The City University of Hong Kong has denied allegations that it submitted incorrect student figures in order to get a higher position in the Quacquarelli Symonds (QS) world university rankings. It said it will commission one of the large accounting firms to run an independent audit of its data submissions.
The university’s ranking has risen from 57 to 49 over the past three years. The ratio of teachers to students forms 20 per cent how the ranking is calculated. Universities should provide QS with their number of undergraduate and postgraduate students, including those funded by the government and those who are self-funded. According to QS, CityU has 9,240 students.
The University Grants Committee (UGC), which funds Hong Kong institutions, only records government funded undergraduate students and post-graduate students, so – in theory – the UGC number should be smaller than the number provided to QS. However, according to the UGC, CityU has 13,422 students as of 2016/17.
A smaller number of students would return a better ratio of teachers and students, and thus higher scores in the QS ranking.
Reports appearing in Apple Daily on Monday claimed top officials at two other universities had filed complaints to QS, a private British company. They accused CityU of intentionally submitting lower student figures using methods such as taking headcounts during summer breaks.
But CityU, in response, said it strong objected “gross inaccuracies” in the reports.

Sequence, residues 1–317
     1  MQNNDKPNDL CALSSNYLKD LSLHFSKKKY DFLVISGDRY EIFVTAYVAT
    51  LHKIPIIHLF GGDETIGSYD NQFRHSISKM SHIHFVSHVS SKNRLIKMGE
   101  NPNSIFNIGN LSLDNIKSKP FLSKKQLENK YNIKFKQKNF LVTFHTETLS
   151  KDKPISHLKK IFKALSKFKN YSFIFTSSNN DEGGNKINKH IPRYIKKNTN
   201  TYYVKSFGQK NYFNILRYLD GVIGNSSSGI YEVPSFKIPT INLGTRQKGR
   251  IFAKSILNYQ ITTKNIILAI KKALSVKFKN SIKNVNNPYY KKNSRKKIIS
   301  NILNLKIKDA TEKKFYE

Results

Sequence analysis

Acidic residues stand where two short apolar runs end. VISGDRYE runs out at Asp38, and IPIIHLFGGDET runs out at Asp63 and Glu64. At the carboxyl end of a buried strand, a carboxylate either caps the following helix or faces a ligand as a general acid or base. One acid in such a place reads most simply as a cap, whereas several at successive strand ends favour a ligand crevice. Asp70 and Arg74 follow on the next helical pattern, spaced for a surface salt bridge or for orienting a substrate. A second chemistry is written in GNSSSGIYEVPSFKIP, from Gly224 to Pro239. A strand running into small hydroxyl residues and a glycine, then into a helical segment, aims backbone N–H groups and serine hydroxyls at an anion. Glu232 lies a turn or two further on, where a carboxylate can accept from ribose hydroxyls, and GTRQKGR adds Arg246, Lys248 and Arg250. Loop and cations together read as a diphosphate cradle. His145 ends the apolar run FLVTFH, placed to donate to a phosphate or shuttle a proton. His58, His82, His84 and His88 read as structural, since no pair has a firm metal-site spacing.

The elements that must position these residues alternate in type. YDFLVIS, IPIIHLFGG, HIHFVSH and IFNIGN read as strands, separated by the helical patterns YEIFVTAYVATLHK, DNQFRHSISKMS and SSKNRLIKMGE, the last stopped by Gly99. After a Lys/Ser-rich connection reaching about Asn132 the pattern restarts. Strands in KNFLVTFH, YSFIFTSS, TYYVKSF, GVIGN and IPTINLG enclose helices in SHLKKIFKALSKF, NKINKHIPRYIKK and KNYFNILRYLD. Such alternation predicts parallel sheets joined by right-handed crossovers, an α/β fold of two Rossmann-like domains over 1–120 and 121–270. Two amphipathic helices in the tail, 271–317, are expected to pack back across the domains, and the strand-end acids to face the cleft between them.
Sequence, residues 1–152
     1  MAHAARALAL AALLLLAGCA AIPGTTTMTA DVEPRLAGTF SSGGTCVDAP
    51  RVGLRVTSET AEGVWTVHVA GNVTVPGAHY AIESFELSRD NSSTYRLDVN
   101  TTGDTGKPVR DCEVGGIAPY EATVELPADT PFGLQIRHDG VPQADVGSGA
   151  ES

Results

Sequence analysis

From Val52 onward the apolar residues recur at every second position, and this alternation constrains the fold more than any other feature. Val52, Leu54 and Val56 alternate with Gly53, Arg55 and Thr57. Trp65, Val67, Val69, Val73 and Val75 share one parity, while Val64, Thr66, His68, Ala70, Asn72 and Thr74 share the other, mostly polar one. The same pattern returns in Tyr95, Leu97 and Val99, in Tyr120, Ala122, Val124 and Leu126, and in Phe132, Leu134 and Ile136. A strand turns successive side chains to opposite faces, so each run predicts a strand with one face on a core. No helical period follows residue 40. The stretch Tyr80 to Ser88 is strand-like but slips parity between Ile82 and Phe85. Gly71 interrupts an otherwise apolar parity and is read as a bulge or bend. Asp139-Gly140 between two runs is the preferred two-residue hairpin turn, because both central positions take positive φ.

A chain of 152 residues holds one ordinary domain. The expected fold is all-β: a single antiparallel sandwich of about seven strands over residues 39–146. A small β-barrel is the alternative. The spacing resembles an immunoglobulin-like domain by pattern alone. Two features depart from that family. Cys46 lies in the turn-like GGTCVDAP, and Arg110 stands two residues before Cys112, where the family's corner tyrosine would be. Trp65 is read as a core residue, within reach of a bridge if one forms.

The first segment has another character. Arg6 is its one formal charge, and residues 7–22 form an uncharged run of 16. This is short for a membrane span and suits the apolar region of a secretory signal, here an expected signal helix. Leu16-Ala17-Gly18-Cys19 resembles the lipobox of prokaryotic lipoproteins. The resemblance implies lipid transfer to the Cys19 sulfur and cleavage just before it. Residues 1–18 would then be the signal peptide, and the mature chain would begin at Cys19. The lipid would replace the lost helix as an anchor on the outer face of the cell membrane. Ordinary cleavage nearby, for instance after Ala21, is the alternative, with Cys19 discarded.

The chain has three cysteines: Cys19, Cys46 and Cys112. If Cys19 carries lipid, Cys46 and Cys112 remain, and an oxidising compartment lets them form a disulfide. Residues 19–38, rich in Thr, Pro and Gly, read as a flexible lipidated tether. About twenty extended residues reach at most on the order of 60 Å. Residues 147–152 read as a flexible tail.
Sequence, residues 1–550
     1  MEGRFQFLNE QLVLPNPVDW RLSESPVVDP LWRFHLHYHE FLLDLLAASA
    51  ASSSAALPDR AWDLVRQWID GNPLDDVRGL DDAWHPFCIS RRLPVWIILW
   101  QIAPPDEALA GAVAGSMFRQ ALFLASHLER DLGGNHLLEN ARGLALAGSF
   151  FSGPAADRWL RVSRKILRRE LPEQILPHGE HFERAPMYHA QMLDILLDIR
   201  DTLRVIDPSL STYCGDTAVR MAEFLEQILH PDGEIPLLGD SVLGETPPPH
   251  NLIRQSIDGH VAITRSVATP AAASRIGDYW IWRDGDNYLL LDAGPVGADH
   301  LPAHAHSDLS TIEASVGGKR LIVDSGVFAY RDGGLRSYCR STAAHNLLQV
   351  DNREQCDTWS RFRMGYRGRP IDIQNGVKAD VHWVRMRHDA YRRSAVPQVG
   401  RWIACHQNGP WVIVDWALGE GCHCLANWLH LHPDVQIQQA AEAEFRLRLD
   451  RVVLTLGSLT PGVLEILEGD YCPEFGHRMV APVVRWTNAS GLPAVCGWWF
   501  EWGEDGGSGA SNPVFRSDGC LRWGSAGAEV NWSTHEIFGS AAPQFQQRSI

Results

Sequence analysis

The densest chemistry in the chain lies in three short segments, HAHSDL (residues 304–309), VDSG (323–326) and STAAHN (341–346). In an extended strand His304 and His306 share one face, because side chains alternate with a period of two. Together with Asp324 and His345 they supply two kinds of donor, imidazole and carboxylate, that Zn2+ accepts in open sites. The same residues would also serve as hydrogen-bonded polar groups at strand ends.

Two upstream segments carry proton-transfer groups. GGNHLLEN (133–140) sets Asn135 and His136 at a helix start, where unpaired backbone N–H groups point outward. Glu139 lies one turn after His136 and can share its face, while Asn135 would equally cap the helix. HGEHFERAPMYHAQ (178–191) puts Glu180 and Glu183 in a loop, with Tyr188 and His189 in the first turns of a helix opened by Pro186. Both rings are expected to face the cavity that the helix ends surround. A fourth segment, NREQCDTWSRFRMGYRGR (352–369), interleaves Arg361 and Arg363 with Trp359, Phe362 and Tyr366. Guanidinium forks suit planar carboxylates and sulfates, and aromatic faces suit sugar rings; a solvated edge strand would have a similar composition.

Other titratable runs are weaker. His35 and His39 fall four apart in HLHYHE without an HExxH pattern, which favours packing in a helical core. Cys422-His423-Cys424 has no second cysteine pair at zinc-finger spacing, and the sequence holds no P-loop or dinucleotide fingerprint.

It said it submits data every year to QS in accordance with their rules, criteria and definitions: “We have never used enrollment numbers of our summer students for submission to the QS exercise,” adding that data this year was submitted in early spring.
It added that QS audits all data and its rankings are regularly audited by an independent international audit body: “CityU’s data submissions were confirmed to be accurate by QS based on QS’s own audit… Due to the use of different definitions and operating modes, data on student numbers submitted by all Hong Kong universities have always varied and are inevitably different from those submitted to the UGC.”
“Such differences are commonly found in the data submitted to QS by other universities from other parts of the world and in the data on official websites of those universities’ home governments.”
It said CityU President Way Kuo has already instructed the relevant office to commission one of the Big Four accounting firms to run an independent audit of its QS data submissions: “This additional measure will fulfil CityU’s requirement for ultra-high standards in all our operations.”
‘It has to be correct’
John Tse, a member of the university’s governing Council, said someone should be held responsible for the incident.
Tse, an associate professor of the university’s Department of Applied Social Sciences, said the number of students stated by the UGC “must be correct,” since it is the body funding universities.
“We cannot allow any dishonest figures,” he said on a Commercial Radio programme on Monday. “There shouldn’t be any tricks – it has to be correct, the number of students is the easiest figure to calculate, you cannot say today we have 9,000 students, tomorrow we have 10,000 students – this is not possible.”
He said there should be outside auditors monitoring the figure.
He also questioned the academic level of private companies, such as QS, in publishing such rankings: “Where does their business come from? How do these private companies gain profit from their operations? Hong Kong citizens should ask this question… how did rankings become a marketing study?”